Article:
February 14, 2023 | Automotives
There is a gradual shift happening in the automotive industry with car subscription services replacing car ownership. This new model allows you to lease, rent or buy vehicles on a short-term basis using digital rights management (DRM) technology.
Automobile manufacturers have attempted to incorporate DRM into their products before, with not-so-encouraging results.
Renault Zoe, an electric vehicle, was built in 2013 with a rental battery pack that owners were unable to replace without going through an authorized seller. Additionally, DRM prevented the batteries from charging, effectively turning it into an expensive paperweight.
Even as electric vehicles and plug-in hybrids revolutionize the automotive industry, consumers still lack faith in the notion that a manufacturer could obliterate your car with the touch of a button.
With the remote start feature in models made after 2018, Toyota attempted to do something similar. A free, three-year subscription to Toyota's connected services was provided along with the purchase of a new car. The remote-start feature ended when the subscription did unless owners wanted to pay an additional subscription fee.
The provider claimed that the feature needed cellular connectivity, which came at a monthly cost.
Unfortunately, early versions of the technology were dependent on the 3G telecom network, which was to be phased out in 2022. Toyota changed those cars so the feature wouldn't require a subscription.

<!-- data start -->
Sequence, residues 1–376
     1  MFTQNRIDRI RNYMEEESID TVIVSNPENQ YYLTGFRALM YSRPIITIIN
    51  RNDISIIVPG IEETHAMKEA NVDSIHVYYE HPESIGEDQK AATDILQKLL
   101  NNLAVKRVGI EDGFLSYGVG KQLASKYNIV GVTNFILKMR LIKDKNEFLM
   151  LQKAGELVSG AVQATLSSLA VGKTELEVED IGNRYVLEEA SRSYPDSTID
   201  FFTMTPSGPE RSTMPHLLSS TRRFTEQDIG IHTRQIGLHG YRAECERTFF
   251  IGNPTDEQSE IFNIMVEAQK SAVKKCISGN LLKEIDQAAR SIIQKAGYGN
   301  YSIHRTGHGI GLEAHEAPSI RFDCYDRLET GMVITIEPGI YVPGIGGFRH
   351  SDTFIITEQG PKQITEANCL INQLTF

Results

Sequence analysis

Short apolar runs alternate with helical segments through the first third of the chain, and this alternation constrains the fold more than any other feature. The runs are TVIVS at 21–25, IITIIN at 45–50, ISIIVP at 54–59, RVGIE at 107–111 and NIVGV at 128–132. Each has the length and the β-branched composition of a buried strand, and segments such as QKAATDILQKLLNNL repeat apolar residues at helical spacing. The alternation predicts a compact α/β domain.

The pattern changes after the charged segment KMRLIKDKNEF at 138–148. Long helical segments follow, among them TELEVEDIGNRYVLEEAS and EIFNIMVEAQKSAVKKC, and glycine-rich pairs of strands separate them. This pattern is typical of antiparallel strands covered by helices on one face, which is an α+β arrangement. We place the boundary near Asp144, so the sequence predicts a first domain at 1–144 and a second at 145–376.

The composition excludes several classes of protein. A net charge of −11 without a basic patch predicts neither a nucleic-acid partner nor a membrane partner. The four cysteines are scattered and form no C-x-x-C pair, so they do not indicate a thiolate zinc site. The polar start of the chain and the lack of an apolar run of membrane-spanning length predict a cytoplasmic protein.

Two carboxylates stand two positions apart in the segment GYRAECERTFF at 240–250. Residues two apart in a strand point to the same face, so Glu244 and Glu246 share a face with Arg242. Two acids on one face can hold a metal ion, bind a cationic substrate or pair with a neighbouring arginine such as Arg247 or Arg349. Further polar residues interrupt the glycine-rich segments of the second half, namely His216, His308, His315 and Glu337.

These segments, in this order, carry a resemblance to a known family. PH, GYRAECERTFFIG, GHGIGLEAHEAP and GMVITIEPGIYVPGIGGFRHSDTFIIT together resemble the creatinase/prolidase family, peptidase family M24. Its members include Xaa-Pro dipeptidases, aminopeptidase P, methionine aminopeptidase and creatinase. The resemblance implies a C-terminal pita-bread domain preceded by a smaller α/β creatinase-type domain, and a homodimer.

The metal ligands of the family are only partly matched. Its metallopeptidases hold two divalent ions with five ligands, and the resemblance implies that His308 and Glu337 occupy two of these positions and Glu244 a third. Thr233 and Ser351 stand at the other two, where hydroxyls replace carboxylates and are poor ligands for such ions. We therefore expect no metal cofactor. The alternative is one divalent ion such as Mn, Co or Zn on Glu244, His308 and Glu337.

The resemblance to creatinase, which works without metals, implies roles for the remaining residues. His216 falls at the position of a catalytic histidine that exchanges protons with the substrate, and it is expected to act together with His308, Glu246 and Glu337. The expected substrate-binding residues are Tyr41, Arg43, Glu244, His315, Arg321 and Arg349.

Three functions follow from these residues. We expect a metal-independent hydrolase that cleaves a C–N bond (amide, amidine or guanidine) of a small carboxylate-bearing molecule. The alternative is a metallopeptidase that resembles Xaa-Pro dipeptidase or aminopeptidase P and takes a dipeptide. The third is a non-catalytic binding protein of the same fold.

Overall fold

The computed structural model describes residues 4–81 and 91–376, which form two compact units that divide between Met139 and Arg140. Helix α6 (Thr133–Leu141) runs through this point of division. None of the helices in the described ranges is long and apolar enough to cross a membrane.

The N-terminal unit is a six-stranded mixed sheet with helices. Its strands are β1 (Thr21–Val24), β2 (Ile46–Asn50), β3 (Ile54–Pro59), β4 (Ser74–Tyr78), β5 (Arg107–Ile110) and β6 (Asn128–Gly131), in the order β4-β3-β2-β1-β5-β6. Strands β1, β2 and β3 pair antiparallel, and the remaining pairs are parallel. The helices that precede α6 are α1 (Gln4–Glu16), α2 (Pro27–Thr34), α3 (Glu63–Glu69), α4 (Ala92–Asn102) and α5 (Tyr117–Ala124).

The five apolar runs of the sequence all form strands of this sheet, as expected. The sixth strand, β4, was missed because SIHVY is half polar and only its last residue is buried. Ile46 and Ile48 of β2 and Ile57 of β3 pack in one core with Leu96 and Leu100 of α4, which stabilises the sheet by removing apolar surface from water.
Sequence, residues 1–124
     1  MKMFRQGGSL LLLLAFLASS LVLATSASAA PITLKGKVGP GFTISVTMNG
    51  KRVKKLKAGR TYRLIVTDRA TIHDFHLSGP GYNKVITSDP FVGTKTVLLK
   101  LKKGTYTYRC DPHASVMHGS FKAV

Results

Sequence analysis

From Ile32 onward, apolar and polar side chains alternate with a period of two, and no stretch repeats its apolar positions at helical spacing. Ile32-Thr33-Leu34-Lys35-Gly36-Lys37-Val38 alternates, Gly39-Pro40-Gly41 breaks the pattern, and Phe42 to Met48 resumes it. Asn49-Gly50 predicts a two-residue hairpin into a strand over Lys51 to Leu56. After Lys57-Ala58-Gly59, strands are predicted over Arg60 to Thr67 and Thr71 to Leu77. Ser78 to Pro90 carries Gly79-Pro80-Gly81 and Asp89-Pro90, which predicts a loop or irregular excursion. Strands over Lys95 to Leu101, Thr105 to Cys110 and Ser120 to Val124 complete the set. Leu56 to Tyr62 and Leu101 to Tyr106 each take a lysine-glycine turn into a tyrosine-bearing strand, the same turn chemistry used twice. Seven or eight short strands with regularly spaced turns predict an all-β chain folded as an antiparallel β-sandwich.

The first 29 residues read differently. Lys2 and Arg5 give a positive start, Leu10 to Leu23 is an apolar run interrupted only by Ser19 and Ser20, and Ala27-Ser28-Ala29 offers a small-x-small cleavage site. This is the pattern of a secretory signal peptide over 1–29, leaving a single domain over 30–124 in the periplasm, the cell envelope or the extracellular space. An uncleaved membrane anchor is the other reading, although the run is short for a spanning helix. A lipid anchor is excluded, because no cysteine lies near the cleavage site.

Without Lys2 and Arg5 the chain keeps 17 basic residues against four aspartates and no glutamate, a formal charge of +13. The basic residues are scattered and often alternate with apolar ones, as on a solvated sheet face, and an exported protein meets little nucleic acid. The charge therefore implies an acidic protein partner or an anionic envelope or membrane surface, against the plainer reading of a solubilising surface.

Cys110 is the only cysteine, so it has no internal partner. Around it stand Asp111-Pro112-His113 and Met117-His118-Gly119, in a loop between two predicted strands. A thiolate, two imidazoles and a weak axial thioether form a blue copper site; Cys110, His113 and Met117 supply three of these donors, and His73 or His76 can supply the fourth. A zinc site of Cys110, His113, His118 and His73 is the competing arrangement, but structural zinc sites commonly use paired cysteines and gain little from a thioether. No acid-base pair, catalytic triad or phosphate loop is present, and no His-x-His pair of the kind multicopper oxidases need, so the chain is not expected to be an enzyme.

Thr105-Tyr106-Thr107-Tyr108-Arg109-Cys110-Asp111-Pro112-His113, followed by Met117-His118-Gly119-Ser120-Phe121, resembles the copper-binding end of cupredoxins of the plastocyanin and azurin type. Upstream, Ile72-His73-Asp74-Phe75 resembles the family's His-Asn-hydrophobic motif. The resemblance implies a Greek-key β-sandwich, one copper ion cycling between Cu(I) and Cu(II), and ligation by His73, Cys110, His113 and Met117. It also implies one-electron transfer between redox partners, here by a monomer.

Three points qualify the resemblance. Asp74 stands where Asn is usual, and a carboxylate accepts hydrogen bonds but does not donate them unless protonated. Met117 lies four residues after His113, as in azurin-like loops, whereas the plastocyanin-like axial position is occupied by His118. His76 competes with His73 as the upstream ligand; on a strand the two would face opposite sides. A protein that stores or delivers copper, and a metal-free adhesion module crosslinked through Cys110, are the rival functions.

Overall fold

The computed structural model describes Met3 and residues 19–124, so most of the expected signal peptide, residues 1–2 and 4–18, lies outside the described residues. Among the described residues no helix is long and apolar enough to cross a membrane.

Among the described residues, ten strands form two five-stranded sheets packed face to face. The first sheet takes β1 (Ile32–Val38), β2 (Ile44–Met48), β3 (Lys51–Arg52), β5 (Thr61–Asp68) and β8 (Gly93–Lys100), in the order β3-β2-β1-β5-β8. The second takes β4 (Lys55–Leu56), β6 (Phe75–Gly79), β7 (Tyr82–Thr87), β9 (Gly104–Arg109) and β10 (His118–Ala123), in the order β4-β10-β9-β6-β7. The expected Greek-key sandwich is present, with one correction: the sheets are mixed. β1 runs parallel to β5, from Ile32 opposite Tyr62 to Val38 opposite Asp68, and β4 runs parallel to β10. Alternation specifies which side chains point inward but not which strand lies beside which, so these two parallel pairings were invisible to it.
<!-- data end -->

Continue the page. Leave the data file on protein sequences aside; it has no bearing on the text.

These are just two examples of how automakers have moved closer to subscription models to increase profits in response to consumers keeping their vehicles for longer periods.
Everything could end up being restricted behind paywalls or reliant on subscription services — from heated seats and steering wheels to autonomous driving tools, more horsepower or rear-wheel steering.
Every few months, someone will try to increase the price of something we've grown accustomed to or change our perception of it by adding the phrase "as a service" to it. Making something into a service has as its goal charging for something we already use. BMW changed an amenity into "comfort as a service" in the European market by placing its heated seats behind a paywall. Numerous extras offered by carmakers such as BMW, GM and Hyundai are becoming obligatory subscriptions.
GM recently announced that its OnStar service, which was previously an option, would become the default in newer models. The cost of a three-year subscription, which ranges between $1,500 and $1,675, must be paid in full upfront and is the only other option available to new customers who don't want to pay for a subscription they might never use.
Consumers have been unable to stop the proliferation of DRM in automobiles. Stopping automakers from incorporating DRM into their vehicles or converting to the automotive-as-a-service business model will require a concerted industry-wide effort and may even call for legislative action. It's not sufficient to simply advise someone to decline the new car.
Globally, legislation that would ban the sale of new internal combustion vehicles between 2025 and 2040 is being drafted. Holding onto older vehicles when the infrastructure required to support and power them is no longer available will put buyers at a severe disadvantage and force them to purchase a new vehicle with all the subscription services a manufacturer could think of. The simplest way to combat DRM in cars is to start now before the technology takes even more of an industrial hold.
The promise of self-driving cars and the rising popularity of EVs are creating an environment that is favorable for the implementation of DRM in automobiles. But automotive-as-a-service could leave people with idle vehicles in their garages if they can't afford the monthly subscription fees.
Author: Piyush Mehta